Microsoft this week announced that it has made some of its COVID-19 threat intelligence available to the public. The number of attacks targeting
Microsoft this week announced that it has made some of its COVID-19 threat intelligence available to the public.
The number of attacks targeting organizations and individuals worldwide using coronavirus lures has increased dramatically over the past several months, and Microsoft says it wants to help even those who do not use its threat protection solutions.
The company says it processes “trillions of signals each day across identities, endpoint, cloud, applications, and email,” thus having broad visibility into a variety of COVID-19-themed attacks.
Microsoft has been sharing examples of malicious lures and has provided guided hunting of COVID-themed threats through Azure Sentinel Notebooks, but has decided to take things one step further.
For that, the tech company is making some of its threat indicators available publicly. Microsoft Threat Protection (MTP) can already keep customers safe from the threats identified by these indicators, but those who do not use the solution are not protected.
By publishing these indicators, Microsoft aims to raise awareness of the shift in attackers’ techniques and help detect them.
The indicators were made available both in the Azure Sentinel GitHub repo, and through the Microsoft Graph Security API. Enterprise customers that use MISP for storing and sharing threat intelligence can leverage these indicators via a MISP feed.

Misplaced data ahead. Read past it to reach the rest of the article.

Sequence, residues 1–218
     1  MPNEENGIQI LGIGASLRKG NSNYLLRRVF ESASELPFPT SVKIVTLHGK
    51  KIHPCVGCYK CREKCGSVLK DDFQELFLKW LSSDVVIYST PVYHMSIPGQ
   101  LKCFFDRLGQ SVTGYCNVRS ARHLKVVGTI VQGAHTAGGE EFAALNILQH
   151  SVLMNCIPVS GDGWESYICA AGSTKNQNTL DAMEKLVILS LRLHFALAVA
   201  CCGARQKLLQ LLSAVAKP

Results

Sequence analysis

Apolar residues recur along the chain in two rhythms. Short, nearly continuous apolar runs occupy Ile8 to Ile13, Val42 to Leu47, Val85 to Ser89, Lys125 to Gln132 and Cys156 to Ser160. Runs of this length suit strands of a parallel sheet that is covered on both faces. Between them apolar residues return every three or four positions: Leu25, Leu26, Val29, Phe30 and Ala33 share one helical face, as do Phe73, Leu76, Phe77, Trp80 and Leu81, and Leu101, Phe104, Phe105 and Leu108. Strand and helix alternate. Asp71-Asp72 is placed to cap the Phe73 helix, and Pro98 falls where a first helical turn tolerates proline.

“This threat intelligence is provided for use by the wider security community, as well as customers who would like to perform additional hunting, as we all defend against malicious actors seeking to exploit the COVID crisis,” Microsoft says.
The company says this is only the beginning of its sharing of COVID-related IOCs, but underlines that this is a time-limited feed, maintained “through the peak of the outbreak to help organizations focus on recovery.”
What the company released today includes file hash indicators related to email attachments that were deemed malicious.
Azure Sentinel customers can import these indicators using a Playbook or access them directly from queries. Both Office 365 ATP and Microsoft Defender ATP block attacks that employ these indicators, Microsoft says.